The K’s continued the author/illustrator study of Ezra Jack Keats. We read Hi, Cat! this week, using illustrations and events from the story to infer Peter’s age (a CER question!). While reading, we noticed Archie looking at his reflection in a store window. Students were able to list as many places as possible where they could see their reflection. Open-ended questions like this allow all students to participate and feel successful!
As this week was the ALA Youth Media Awards, I combined the Newbery Medal, Caldecott Honor and WCCPBA (our state award) to share Last Stop on Market Street with the 2nd graders. Understanding that it won the top honor for best words and was a runner-up for best pictures, students have the chance to vote for it in March as their favorite nominee in Washington. Perhaps the most powerful conversation came with how little they knew of soup kitchens – less than 10% had even heard the phrase. This story of serving others – of Helping the Rest, as our school believes – should serve as a springboard for future lessons and service projects.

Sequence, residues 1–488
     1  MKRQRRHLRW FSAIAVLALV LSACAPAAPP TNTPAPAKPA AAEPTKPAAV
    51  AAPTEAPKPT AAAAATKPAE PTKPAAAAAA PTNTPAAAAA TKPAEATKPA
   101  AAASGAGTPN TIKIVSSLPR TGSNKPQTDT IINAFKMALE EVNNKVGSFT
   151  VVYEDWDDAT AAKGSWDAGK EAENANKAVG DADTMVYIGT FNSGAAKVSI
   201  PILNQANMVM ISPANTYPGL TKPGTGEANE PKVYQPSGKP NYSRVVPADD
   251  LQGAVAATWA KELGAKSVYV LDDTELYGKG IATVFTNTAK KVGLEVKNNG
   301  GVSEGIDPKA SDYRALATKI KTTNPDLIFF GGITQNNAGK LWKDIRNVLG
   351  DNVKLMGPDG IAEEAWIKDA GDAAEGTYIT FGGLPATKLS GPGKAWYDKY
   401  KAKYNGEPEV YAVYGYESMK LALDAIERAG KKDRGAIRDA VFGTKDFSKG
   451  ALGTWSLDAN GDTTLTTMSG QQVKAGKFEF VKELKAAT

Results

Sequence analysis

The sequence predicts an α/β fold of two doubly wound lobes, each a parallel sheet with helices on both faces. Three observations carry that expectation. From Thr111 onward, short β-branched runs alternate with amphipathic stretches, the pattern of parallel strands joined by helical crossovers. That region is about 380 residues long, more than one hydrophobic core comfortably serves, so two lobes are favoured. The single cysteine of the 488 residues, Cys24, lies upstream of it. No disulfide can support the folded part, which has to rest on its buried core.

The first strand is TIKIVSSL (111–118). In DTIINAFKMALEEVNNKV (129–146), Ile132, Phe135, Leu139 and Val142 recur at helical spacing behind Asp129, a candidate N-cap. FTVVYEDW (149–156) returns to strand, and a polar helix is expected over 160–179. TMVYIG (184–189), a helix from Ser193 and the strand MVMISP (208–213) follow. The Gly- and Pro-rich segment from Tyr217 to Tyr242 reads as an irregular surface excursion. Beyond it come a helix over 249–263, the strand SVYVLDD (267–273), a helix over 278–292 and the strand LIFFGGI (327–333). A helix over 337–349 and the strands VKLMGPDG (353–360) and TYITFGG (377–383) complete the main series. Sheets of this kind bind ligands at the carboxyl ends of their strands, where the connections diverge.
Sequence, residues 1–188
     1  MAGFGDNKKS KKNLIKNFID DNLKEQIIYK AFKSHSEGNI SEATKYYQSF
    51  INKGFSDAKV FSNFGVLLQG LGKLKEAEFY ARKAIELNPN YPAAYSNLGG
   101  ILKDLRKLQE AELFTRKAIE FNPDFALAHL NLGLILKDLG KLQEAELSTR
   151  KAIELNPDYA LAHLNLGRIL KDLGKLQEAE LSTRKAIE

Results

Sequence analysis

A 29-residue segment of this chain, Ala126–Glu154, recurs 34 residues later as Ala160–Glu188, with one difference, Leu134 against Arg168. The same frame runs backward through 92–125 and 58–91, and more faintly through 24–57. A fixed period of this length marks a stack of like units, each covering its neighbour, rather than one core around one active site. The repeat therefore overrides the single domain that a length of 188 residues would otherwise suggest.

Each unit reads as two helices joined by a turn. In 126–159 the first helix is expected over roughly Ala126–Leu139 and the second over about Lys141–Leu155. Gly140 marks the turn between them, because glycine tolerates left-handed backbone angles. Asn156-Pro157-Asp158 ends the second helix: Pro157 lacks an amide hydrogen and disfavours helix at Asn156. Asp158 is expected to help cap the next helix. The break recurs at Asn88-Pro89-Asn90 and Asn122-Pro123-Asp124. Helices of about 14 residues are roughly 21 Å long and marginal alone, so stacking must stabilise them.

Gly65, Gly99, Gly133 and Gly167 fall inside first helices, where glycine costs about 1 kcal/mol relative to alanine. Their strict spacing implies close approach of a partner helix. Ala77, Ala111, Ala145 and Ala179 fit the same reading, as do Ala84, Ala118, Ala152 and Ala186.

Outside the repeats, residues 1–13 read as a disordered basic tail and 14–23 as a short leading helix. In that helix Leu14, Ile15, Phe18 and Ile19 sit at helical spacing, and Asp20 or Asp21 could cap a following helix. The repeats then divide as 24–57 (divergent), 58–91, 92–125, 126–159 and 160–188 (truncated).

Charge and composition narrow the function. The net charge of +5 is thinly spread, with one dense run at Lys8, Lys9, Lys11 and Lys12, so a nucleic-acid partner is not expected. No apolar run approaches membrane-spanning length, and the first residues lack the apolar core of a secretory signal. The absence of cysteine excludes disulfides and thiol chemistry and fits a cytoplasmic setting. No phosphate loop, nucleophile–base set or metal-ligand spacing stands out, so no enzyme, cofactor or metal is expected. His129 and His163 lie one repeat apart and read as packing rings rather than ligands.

The 4th graders had a follow-up to last week’s lesson on Henry Box Brown. Using the databases at KCLS, we researched primary sources in 19th century newspapers. This coincided with the announcement that KCLS and my school district have partnered to provide all students K-12 free access to the library’s digital offerings, regardless of library card possession. All they need is their student ID number, and the online offerings are available free of charge. Suffice to say, the 4th graders were VERY pleased to see how easy it was to access e-books via web browser. A few later used their recess time to further test the full offerings of the new service!
The 5th graders continue our weekly Lunch & Listen series. They were quite moved by Matt de la Pena’s Last Stop on Market Street (even those students who heard it last year in library class). They also laughed through Jules Feiffer’s Rupert Can Dance and Adam Rubin’s Big Bad Bubble before heading back to class. Of note, almost half the students who come for lunch stay through recess to listen to more stories. I love this and happily read even more!